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Switching to Formula Feeding

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When should I switch to formula feeding?

It's entirely up to you as a mother to know what's best for your baby and if that means you want to switch to formula feeding after 6, 7, 8 or even 12 months, that's your decision. There is no perfect time to make the switch to breastfeeding, so you can do it whenever you feel ready. And remember, you don't have to convert all at once, you can do it gradually over time.

How do I start formula feeding?

There is no one right way to start with formula feeding. Some children will go along with whatever method the mother finds appropriate, and if they are hungry, they will take what you give them. Other babies may refuse the bottle the first few times when offered.

Therefore, it is recommended to make the transition gradually. Don't switch completely at once, but start feeding your baby one steady feed a day. If your baby accepts this feeding and gets used to it (eg after a week), you can add a second feeding and so on. This will allow your baby to get used to this new way of feeding and will also allow your body to adjust and reduce your milk supply gradually.

Will I notice changes after switching to formula feeding?

While switching to formula feeding, you may notice that your baby begins to refuse the breast and prefers the bottle instead. This is a result of the bottle's quick delivery system which is preferred by some fussy eaters.

You may also notice that your baby can hold onto a bottle of formula for a little longer. This is because babies do not digest formula as quickly as they do natural breast milk, and they are likely to feel full and satisfied for a longer period of time.

Switching from breast milk to formula can also affect the color, frequency, and consistency of your baby's stools. Compared to when your baby was on breast milk only, the stools are likely to become firmer, have a stronger smell, be brown in color, and may be less frequent. This is completely normal and nothing to worry about.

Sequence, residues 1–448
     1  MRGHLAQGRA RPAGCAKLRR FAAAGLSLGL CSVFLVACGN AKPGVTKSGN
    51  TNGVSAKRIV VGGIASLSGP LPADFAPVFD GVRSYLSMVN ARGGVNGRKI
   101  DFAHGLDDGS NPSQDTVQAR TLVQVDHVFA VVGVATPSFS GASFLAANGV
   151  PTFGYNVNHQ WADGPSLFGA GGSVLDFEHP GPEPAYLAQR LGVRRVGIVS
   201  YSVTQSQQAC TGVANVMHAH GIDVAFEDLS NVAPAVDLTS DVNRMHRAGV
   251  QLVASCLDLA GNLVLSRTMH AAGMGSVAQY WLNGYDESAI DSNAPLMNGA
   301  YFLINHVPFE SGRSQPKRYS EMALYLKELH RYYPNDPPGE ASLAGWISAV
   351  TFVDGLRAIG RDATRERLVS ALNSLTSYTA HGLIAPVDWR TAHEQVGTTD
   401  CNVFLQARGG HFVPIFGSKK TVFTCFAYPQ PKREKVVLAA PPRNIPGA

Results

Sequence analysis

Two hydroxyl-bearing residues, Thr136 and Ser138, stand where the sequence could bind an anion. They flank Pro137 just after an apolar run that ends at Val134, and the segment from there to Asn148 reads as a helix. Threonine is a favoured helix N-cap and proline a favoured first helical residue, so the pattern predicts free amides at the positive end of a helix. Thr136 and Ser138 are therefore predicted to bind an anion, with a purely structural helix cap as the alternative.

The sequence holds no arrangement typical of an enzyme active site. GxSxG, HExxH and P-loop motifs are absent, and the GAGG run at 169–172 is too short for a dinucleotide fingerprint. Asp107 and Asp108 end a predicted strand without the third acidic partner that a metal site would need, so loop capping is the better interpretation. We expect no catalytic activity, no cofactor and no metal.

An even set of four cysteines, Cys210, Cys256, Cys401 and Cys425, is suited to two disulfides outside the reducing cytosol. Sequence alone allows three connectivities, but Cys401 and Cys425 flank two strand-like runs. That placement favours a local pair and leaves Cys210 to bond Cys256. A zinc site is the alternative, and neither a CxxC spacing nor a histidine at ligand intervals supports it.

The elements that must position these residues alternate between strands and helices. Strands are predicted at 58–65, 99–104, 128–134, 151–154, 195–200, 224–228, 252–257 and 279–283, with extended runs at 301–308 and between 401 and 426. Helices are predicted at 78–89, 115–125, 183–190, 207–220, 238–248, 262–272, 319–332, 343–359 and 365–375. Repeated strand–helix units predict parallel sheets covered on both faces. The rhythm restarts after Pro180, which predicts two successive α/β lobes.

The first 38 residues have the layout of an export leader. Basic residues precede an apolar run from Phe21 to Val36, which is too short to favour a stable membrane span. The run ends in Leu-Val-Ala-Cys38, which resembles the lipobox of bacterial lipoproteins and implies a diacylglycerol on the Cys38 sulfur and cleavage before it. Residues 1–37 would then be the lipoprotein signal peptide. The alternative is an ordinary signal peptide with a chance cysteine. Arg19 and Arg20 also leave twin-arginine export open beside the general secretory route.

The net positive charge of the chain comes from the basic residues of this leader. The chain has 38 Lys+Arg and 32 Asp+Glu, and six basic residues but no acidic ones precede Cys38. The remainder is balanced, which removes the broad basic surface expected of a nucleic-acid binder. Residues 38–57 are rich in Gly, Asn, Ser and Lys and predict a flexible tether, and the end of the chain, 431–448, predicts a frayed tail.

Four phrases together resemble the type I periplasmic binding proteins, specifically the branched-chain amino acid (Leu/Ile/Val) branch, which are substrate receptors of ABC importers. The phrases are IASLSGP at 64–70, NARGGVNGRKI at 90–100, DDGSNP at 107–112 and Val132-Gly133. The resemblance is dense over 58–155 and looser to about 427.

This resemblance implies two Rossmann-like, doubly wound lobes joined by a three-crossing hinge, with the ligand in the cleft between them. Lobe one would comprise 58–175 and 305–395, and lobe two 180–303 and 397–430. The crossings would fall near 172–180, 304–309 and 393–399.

However, you should speak to your pediatrician if your baby has trouble passing stools or if his vomit or stools have blood in them after introducing formula (this could be a sign of some kind of allergy).

Tips and tricks

It is very common for babies to refuse formula at first, so don't worry if this happens. Allow your baby to get used to this new way of feeding and accept that it may take several times for your baby to drink formula from a bottle. Here are some tips and tricks that may help make the process easier

  • Start when your baby is really hungry: You can also try giving the bottle when your baby is hungry instead of bottle feeding when he is suckling for convenience such as feeding.
  • Invite the baby's father to offer the first few bottles: This is because your baby is used to feeding from your breast instead of a bottle. To make the transition to bottle-feeding smoother, your husband or another family member can offer the first few bottles. This will prevent your scent from distracting your baby from bottle feeding.
  • Mix the formula with the pumped breast milk: If your baby refuses the formula, you can try mixing it with some of the breast milk you are pumping. This will create a more familiar smell and taste and may help your baby accept this new formula.

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